Leave the Leaves…You Can Be Neat While Being Messy!

Well right now we are looking at our yards and thinking about how messy they look, from leaves everywhere to dead stems in the gardens. But turn your thinking around for a moment to the idea that this mess is vital to many of the creatures we love, such as songbirds, and those we don’t see but keep our yard healthy and resilient.  It’s much better to leave fallen leaves, branches, stems, and seedheads where they are rather than blowing, shredding, or raking them away. That organic matter is essential forage and cover for butterflies, moths, bees, salamanders, birds, and other creatures. It also insulates plant roots through the cold winter months and then decomposes to build up living soil that’s so important to a healthy ecosystem.

If you want to follow these healthy practices but also have your yard looking neat and cared for, you can do some of the things that have worked for me. My yard is a very visible place in a neighborhood, so I have been learning ways to strike a balance between leaving all of these valuable materials in place and looking neat. For my pollinator garden, I leave tall meadow plants standing, but rake away leaves from the edges where I have lower plants and mulch. I also rake the grass turf area. I keep these raked leaves on site in a compost area in back. Many of these plants such as coneflowers, sunflowers and asters look lovely standing in winter with frost and snow on them. For some stems that don’t stand up as well, I trim them and leave them in place in visible areas. Next spring, I will add mulch right over the top of this rich organic layer in areas I want to look neat.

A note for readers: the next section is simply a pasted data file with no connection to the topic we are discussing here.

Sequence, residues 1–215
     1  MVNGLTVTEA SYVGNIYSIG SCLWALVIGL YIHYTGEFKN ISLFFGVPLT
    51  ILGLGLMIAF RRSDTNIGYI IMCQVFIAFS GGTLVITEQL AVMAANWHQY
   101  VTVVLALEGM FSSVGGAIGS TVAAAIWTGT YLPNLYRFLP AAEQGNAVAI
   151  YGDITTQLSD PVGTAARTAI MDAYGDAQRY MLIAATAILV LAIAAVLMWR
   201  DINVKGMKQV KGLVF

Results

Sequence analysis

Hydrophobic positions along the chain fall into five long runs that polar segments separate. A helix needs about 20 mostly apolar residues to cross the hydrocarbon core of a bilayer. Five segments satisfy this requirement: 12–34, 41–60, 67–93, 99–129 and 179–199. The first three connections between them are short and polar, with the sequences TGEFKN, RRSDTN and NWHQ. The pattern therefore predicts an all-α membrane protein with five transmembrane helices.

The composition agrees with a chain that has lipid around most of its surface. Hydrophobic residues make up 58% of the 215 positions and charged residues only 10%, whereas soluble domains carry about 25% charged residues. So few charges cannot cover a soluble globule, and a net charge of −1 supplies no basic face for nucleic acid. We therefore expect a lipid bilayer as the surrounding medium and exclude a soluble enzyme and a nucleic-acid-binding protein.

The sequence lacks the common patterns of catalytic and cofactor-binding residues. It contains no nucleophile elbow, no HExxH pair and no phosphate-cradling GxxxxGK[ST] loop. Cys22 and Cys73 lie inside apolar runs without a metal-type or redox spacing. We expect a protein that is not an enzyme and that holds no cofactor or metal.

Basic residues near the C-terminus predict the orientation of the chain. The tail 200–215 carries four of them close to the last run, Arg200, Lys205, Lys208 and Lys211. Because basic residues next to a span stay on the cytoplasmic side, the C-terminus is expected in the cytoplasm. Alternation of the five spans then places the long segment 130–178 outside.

Learn more about why it’s important to leave your yard “cleanup” until spring in this article from the Ecological Landscape Alliance.

It’s Fall…Think Pollinators

It’s nearly the middle of October, and though it seems like most plants are dying or becoming dormant, if you look closely at fields and roadsides you’ll see bees of all sizes as busy as summer on the many flowers still blooming. I don’t know about you, but I love to look at the natural beauty of Maine roadsides in the fall, with perfect patches of deep purple, white and pink asters, black-eyed susans and goldenrods. We have native fall wildflowers that are even sold for gardens since they are so striking, such as the purple New England Aster (in photo above). Even goldenrods (which contrary to what you hear don’t cause seasonal allergies),  which many think of as weedy have beautiful species and cultivars that look lovely in the garden. All of these plants provide absolutely essential late season food for bees, butterflies and other insect pollinators. Long grasses, shrubs, and unmowed pasture and crop field edges all help to provide what pollinators and other beneficial insects need.